The government’s defence on this count has bordered on the non-serious at times. Finance minister Arun Jaitley, when replying to his predecessor P. Chidambaram during the debate on the Finance Bill, had said that even the Pentagon was hacked without Aadhaar. Nilekani has often said that the UIDAI does not collect anything more than basic information about name, address, gender and date of birth, a point Prasad reiterated.
The point is not what information UIDAI has collected. The point is that if Aadhaar is used for practically every activity of an individual – from bank accounts to air tickets to mobile phone connections – the Aadhaar number is available to that many agencies. UIDAI may have strict protocols about use of biometrics and data, but do the host of agencies using Aadhaar have any protocols at all about security of application forms that may have an Aadhaar number? It will be quite possible for Aadhaar numbers of individuals to be sold as a database (as phone numbers, bank account numbers and credit card numbers are) and then be used by unscrupulous elements to get financial and other information about an individual, without hacking into or getting unauthorised access to the UIDAI database. Are databases of banks as secure as that of the UIDAI? As MP K.T.S. Tulsi pithily said during the debate, “the safety of information is in jeopardy if the use is extended”.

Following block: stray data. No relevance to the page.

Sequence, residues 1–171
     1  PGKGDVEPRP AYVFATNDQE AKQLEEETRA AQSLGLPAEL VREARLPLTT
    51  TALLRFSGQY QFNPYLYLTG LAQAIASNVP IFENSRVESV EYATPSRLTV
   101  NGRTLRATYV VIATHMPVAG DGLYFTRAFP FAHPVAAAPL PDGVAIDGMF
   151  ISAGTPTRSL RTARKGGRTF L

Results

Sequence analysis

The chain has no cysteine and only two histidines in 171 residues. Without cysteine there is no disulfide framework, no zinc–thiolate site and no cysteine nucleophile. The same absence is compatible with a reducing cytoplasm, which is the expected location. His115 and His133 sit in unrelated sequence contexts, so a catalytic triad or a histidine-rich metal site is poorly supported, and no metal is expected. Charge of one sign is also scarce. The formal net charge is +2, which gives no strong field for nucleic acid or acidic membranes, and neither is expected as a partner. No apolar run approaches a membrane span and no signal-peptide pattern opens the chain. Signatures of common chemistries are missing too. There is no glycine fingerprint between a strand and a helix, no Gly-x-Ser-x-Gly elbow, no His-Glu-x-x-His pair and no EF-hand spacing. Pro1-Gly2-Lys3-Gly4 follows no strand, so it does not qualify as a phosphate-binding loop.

Unfortunately, apart from Tulsi and Rajeev Chandrashekhar, who initiated the debate, other MPs were more focussed on ending mandatory Aadhaar for welfare. It is time to restore the original purpose of Aadhaar (improved targeting of welfare) and junk the add-on purpose of becoming mandatory for everything else, which brings other problems in its wake.
Published Date: Apr 12, 2017 12:20 PM | Updated Date: Apr 12, 2017 12:20 PM